Gulls and Geese on a crisp winters day - 9 Jan 2010

Montauk Point was especially beautiful today with blue skies, crisp cold air and a coating of snow left from last week's storm. At Montauk Inlet, 2 KUMLEIN'S ICELAND GULLS (1st-basic and 2nd basic) were feeding with other gulls along the small beach immediately west of inlet and both visited the melt water pools in the empty Gosmans parking lot. Increasingly scarce on eastern LI, four CANVASBACK were using an opening in the ice on Fort Pond.

Out at Montauk Point, another 1st winter KUMLEIN'S ICELAND GULL and 2 adult BLACK-LEGGED KITTIWAKE were among the cloud of gulls following the 'Hellcat' party boat as it came in from an offshore fishing trip. At least 4 adult BLACK-LEGGED KITTIWAKES were milling around off the point with 30 or so BONAPARTE'S GULLS. Interestingly, Hugh McGuinness and party found a 150++ Bonaparte's here earlier in the morning, again with some kittiwakes mixed in. Where did they go and could there be something better mixed in amongst them? After some scanning, I picked up 4 RAZORBILLS flying over the more distant rips. Considering the excellent visibility, the number seems low. Certainly the numbers of loons and gannets have dropped significantly.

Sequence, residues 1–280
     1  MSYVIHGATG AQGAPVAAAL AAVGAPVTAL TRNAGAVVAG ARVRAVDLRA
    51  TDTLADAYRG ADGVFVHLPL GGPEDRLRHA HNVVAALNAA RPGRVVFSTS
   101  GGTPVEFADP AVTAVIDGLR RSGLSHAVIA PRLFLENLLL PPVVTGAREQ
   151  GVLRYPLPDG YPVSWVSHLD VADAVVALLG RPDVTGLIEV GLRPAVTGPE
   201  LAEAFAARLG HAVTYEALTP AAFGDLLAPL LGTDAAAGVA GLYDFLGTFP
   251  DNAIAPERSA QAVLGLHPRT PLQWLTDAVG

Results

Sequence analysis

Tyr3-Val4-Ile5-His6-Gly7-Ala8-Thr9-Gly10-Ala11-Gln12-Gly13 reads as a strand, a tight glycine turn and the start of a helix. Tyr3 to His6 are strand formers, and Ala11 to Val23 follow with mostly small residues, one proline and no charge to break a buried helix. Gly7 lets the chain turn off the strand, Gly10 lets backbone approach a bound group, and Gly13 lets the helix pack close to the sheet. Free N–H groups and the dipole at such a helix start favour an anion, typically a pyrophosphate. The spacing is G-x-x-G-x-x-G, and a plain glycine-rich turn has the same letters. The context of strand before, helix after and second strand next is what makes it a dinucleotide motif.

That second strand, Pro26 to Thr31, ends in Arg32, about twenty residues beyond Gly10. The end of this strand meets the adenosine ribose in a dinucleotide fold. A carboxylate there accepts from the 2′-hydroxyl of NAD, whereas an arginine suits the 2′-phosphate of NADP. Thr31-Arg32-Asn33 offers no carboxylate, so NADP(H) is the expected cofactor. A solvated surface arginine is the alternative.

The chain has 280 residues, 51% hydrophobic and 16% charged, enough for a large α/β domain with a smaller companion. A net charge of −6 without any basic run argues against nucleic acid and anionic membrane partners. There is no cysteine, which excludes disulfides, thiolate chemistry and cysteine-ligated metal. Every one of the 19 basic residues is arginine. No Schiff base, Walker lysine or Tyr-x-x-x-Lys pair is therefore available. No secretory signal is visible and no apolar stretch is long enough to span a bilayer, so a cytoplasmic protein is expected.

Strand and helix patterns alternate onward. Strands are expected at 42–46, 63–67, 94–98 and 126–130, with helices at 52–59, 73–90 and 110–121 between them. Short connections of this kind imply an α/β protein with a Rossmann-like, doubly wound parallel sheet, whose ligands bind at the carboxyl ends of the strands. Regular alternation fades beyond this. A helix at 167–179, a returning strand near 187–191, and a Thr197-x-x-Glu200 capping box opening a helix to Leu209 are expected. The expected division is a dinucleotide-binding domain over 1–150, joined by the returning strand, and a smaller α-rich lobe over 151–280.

The field on the north side of Further Lane in Amagansett held a large flock of Canada Geese. By phone, Hugh McGuinness alerted me to the presence 3 CACKLING GEESE and 6 SNOW GEESE, the latter almost certainly the birds seen earlier by Karen and Barbara Rubinstein on a corn field behind Mary's Marvelous Cafe in Amagansett. When I arrived shortly before dusk, the Snow Geese were still there and quickly I found 2 GREATER WHITE-FRONTED GEESE that moved around as a pair. Hugh had seen these early in the morning on Hook Pond. Allowing for the late afternoon sun both white-fronts seemed orange rather than pink billed (a topic I want to discuss in another post). After a bit of searching I found a Cackling Goose that quickly morphed into a flock of 7 CACKLING GEESE, again moving through the Canadas as a cohesive group. This is the largest flock of (Richardson's) Cackling Geese (nominate subspecies hutchinsii) that I've witnessed on Long Island. Small flocks are more typical of western NY which is significantly closer to the Central flyway.

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